White Earth

RSI staff and local transportation professionals taught classes
about safe travel to White Earth Nation students.

The University of Minnesota (U of M) Extension has a longstanding partnership with the White Earth Nation in northwestern Minnesota to operate a summer day-camp program for 40 reservation youth in grades 4 to 8. This year, the Roadway Safety Institute (RSI) sponsored one day of the two-week camp in June. The program focuses on hands-on learning and uses Indian culture and heritage as a vehicle for studying math, science, and engineering.

RSI staff taught several classes about safe travel in a variety of modes. Students experimented with reflectivity to understand safe pedestrian and bike travel and studied GIS mapping. The dangers of distracted driving and walking were also demonstrated by testing students’ reaction time. Connections to students’ heritage included Ojibwe vocabulary lessons and discussions of local animals’ travel patterns and traits and associating them with GIS maps.

Through these interactive lessons, students deepened their science and math skills while learning practical information about being safe travelers. Local engineers and a 3M representative also participated, sparking students’ desire to pursue higher education and STEM careers. “Through these lessons, students gained an understanding of safe travel practices,” says Colleen O’Connor Toberman, program coordinator for the RSI. “Our goal is that they become models for safe travel in their community.”


“It was our pleasure having the RSI team at the White Earth program. The lessons were very engaging, and our students enjoyed the varied topics,” says Deb Zak, regional director of the U of M Extension’s Northwest District. “We would love to have RSI participate in our camp again in 2016.”

The Institute also participated in several other summer camps. Two camps were part of the USDOT’s National Summer Transportation Institute (NSTI) program, which is designed to attract and introduce students from diverse segments of society to education and career opportunities in transportation. RSI hosted 10 students in grades 7–11 from the Red Lake Nation on June 15 as part of its NSTI summer camp program. Students toured the Minnesota Traffic Observatory (MTO) and learned about traffic safety from Chen-Fu Liao, MTO’s senior systems engineer.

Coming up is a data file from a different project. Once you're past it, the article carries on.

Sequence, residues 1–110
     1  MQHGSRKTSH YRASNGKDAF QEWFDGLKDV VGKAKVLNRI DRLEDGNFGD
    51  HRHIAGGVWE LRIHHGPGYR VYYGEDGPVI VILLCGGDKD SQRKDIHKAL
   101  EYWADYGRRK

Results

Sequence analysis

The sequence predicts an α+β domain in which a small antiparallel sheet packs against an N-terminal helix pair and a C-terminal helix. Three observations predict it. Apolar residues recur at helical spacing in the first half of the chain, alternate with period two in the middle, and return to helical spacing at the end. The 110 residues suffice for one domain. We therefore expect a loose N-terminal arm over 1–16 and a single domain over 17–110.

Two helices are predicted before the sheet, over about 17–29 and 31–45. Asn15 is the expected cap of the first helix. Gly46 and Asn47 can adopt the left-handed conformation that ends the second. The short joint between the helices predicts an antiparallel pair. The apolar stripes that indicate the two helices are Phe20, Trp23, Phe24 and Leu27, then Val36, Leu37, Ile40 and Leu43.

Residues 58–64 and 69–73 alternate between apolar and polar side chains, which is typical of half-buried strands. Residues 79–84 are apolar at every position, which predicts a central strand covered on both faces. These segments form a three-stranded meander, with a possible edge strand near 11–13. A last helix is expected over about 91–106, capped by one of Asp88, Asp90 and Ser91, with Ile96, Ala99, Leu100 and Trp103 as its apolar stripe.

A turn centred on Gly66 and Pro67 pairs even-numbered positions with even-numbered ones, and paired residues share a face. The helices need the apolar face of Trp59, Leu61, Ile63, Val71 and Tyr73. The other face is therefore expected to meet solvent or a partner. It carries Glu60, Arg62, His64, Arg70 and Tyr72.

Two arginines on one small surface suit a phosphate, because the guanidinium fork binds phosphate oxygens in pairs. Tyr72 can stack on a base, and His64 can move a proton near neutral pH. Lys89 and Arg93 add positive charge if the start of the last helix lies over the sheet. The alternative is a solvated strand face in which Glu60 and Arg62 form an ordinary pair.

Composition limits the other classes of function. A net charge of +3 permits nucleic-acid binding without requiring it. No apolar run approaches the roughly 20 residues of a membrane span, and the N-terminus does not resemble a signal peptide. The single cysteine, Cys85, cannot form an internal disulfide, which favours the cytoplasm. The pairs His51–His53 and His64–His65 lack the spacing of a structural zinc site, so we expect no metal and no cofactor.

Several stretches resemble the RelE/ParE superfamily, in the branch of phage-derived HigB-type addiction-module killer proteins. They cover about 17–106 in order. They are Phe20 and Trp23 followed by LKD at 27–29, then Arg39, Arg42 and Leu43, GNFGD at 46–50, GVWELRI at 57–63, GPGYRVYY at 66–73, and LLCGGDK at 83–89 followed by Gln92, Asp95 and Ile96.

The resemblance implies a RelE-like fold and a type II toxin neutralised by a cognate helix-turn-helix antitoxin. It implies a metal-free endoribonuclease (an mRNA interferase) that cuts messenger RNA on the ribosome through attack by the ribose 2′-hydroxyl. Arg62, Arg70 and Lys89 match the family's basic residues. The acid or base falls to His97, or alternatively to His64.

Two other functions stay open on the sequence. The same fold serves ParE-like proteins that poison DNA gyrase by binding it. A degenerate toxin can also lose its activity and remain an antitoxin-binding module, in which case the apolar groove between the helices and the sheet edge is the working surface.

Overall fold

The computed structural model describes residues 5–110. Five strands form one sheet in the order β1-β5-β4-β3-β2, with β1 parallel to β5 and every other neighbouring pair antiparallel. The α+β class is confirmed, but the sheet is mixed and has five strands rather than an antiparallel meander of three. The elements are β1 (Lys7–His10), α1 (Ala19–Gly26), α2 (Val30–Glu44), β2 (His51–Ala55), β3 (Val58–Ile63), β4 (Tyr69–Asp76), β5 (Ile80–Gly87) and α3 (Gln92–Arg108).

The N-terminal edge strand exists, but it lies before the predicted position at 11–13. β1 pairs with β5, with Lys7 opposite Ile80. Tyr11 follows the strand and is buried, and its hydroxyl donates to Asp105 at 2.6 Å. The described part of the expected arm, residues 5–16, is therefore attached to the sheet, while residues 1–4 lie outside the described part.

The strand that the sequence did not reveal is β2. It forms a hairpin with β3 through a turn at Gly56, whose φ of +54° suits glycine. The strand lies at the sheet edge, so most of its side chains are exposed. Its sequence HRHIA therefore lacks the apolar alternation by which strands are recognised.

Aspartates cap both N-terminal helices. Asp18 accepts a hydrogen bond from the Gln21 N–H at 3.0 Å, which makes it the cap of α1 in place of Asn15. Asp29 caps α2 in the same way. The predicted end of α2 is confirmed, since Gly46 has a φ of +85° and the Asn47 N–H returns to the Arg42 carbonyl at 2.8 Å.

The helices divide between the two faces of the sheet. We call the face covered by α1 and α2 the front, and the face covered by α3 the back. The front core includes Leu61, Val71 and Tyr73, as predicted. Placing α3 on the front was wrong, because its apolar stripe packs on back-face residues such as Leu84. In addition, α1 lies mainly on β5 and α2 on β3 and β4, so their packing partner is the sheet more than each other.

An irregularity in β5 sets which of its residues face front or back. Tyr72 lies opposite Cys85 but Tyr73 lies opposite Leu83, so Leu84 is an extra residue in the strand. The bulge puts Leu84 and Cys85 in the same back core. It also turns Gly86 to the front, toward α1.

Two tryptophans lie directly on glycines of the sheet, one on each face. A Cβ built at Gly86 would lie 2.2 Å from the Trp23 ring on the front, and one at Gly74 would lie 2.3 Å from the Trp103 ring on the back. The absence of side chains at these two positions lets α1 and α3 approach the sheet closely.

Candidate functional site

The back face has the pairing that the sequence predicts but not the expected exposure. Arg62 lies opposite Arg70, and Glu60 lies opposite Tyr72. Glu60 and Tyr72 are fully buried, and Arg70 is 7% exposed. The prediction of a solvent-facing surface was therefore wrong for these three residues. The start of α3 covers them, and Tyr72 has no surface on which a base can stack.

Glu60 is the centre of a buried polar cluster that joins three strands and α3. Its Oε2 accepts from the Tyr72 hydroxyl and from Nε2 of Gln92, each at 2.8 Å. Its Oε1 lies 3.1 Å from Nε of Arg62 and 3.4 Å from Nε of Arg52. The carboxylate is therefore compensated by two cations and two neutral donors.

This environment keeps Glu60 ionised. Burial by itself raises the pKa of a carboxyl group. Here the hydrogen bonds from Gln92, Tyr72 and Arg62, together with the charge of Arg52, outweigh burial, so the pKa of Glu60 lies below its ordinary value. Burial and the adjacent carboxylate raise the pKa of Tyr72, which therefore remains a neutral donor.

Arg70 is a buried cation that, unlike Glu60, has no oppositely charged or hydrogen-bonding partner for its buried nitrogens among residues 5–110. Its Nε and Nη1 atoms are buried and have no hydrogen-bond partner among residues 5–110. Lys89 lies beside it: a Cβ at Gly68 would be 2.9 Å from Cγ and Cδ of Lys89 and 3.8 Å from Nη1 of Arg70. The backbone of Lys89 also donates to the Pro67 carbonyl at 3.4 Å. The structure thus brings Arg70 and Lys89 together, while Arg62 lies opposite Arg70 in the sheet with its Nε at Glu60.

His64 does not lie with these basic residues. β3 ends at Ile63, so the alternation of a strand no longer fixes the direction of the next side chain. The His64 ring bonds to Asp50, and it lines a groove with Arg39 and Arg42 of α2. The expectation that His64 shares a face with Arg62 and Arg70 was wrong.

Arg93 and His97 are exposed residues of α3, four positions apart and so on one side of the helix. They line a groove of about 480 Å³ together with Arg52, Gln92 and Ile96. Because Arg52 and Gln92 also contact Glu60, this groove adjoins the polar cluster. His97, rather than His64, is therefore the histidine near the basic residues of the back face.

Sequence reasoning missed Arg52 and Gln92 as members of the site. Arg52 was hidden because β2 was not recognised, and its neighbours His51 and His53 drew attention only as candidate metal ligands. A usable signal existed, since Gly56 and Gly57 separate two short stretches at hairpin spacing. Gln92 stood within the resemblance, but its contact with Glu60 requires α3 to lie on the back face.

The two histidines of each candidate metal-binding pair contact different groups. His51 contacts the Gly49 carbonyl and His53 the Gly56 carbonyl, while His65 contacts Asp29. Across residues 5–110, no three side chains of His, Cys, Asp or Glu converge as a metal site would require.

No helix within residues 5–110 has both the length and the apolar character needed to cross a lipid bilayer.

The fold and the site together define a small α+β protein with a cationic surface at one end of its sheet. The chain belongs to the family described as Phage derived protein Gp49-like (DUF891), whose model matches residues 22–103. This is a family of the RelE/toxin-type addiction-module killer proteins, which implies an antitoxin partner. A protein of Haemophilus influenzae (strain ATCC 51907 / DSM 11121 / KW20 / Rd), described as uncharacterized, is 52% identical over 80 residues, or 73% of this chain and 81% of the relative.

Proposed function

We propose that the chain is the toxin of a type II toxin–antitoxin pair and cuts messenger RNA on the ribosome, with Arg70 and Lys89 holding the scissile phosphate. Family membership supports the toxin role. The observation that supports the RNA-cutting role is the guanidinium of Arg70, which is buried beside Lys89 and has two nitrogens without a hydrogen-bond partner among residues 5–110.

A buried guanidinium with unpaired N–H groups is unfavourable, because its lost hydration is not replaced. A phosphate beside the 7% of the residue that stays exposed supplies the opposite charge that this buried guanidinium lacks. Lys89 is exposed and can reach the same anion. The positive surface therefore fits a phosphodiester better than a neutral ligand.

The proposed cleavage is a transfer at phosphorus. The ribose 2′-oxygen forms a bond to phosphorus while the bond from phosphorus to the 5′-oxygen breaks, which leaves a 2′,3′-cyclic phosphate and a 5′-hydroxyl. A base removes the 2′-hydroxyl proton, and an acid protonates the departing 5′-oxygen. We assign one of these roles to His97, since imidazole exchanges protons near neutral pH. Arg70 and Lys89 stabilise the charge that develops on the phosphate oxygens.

In July, RSI staff helped introduce the next generation of the workforce to transportation safety topics and careers during a two-week NSTI summer camp held on the U of M—Twin Cities campus. Twenty-nine students entering seventh through ninth grade attended, getting hands-on experience with topics ranging from distracted driving to aeronautics to traffic management.

The camp was sponsored by the Center for Transportation Studies with funding from the Federal Highway Administration that was administered by the Minnesota Department of Transportation (MnDOT). As part of the program, attendees toured campus, visited the U of M’s transportation-related labs, and learned about aspects of transportation that included human factors, roadway safety, bridge design, surveying, and traffic simulation. RSI/CTS program coordinator Colleen O’Connor Toberman presented a session on retroreflectivity; RSI researcher Nichole Morris and research assistant J.P. Plummer led a session on human factors and gave a tour of the HumanFIRST driving simulator; and senior research analysis specialist Katie Fleming, with MnDOT, led a session on crash data analysis.

In post-program evaluations, parents reported that their children had learned valuable information about transportation topics, careers, and related education opportunities. “[The program] opened up my daughter’s horizon for future career choices and major focus areas after high school,” one parent said.

The Institute also participated in the University of Minnesota College of Science and Engineering’s DiscoverSTEM summer program, with Morris and Plummer leading a session on human factors. The twenty-five high school students attending listened to a lecture and toured the driving simulator.

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